The Further Adventures of Lord Quas

Artist: QuasimotoTitle: The Further Adventures of Lord QuasRating: 4 1/2 StarsReviewed by: Brolin Winning

It’s no secret that Madlib is one of the most original and prolific artists out today. Not just in the rap game, but in music period, he just keeps on coming with the gems. From his early days working with Tha Alkaholiks, through the Lootpack era, and as the driving sonic force behind Stones Throw, to his more recent escapades invading Blue Note and connecting with DOOM for the Madvillain project, he continues to live up to his moniker, the kid is bad. Despite a ridiculously thorough discography that rivals old-school jazz cats, his freshness just never seems to fade. If anything, he’s only getting better. On The Further Adventures of Lord Quas (Stones Throw), he reunites with partner in rhyme/alter-ego Quasimoto, the pitch-shifted, perpetually baked lady-killer from the Lost Gates, who freaked out (in a good way) listeners everywhere with 2000’s The Unseen LP. Heads have been waiting for a new Quas full-length for nearly five years, and that day has finally arrived.

What we get is a seriously blunted, 27-track journey teaming with schizophrenic beat changes, dusty 303 loop work, random film/TV soundbites, and tag team rhymes from ‘Lib and the Lord. Throughout the journey, the duo wax poetic on the usual themes, and like Madvillainy, the record flows seamlessly from song to song, helped along by the short running time on most of the tunes (only six joints clock in at over three minutes). “Greenery” explores their well-known love affair with the chronic over a plodding electro thump that sounds straight out of ColecoVision, while “Maingirl” breaks down all the women in their lives, set to backwards drums, Middle Eastern string sweeps, and Bollywood vocals. Frantic wah-wah guitars and clacking percussion sets the stage for the run-from-the-cops jam “Raw Deal,” while “Seasons Change” is all mid-tempo mellowness.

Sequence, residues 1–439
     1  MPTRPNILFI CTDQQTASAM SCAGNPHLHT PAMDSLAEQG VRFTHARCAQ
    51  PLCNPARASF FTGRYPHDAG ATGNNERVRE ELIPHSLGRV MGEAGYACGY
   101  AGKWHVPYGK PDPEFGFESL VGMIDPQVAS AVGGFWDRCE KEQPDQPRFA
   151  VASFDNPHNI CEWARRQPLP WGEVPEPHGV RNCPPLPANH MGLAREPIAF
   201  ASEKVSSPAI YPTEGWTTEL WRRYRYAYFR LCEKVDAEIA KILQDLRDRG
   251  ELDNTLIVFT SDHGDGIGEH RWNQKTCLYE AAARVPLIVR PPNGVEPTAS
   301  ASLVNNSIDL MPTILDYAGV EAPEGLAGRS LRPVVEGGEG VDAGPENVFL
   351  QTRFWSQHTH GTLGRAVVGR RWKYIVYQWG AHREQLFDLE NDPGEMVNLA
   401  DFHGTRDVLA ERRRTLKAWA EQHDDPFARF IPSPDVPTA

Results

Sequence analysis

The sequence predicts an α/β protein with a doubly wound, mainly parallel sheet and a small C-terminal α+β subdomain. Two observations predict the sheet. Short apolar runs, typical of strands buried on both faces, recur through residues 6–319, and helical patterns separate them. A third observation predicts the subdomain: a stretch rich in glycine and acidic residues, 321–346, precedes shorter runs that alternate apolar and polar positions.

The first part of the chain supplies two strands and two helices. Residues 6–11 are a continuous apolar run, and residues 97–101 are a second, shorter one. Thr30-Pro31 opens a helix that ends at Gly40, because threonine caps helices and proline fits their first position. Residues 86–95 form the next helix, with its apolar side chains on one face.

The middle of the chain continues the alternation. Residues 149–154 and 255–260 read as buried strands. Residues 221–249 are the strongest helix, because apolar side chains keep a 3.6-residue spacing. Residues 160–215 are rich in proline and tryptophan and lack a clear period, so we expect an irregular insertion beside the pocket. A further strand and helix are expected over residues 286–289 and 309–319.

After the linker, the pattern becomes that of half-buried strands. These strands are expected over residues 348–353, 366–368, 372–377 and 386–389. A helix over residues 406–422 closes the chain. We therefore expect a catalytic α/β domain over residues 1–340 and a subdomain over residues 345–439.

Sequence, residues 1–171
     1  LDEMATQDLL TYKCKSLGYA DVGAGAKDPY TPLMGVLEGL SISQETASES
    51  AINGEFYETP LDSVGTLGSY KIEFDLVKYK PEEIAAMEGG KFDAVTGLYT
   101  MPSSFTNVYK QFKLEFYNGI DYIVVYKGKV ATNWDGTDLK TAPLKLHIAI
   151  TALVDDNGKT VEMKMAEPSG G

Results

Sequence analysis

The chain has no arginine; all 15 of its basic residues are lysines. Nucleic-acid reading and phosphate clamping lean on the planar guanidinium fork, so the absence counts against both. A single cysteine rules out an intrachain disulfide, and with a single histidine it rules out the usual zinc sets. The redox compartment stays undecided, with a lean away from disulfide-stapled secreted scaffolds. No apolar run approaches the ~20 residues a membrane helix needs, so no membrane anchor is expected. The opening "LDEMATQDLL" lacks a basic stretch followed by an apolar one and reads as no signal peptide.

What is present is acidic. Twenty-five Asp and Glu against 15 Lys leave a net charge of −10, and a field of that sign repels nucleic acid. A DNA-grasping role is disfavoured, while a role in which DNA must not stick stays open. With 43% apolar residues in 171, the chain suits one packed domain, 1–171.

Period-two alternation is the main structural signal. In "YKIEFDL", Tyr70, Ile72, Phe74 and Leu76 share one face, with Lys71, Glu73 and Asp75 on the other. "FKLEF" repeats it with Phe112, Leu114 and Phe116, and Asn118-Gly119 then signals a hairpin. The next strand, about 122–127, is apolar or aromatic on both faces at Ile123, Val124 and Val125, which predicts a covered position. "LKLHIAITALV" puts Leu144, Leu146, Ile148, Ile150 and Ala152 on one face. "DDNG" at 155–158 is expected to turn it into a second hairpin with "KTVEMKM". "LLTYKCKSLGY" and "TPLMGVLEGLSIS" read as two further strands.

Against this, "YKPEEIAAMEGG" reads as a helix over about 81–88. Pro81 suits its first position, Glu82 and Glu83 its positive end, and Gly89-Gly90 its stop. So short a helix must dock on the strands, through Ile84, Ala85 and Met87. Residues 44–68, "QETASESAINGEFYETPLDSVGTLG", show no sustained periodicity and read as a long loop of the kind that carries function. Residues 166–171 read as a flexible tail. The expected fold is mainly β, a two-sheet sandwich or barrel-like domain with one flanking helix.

Guest appearances are limited here, the Metal Faced homie does his thing on “Closer,” and M.E.D. shines on “The Exclusive,” bringing some real talk to the table atop dramatic horn swells and harpsichord action. Other highlights include “Rappcats Pt. 3,” which is basically an extended hip-hop history lesson (and also sports a very dope video), and the Showbiz & A.G.-inspired anthem “Fatbacks.”

Like much of Madlib’s work, trying to describe his music on paper doesn’t really do it justice. To be sure, anything involving Quas is going to be a more bugged-out affair than some people are used to. First-timers may be put off by the helium steez, and anyone looking for traditional rap formatting – 16 bars and a chorus, R&B hooks, etc. surely won’t find that here. However, for fans of adventurous, free wheeling, THC-enriched hip-hop, this is about as good as it gets. Hands down, one of the best albums of the year, and one of the most unique rap records to ever hit this planet.

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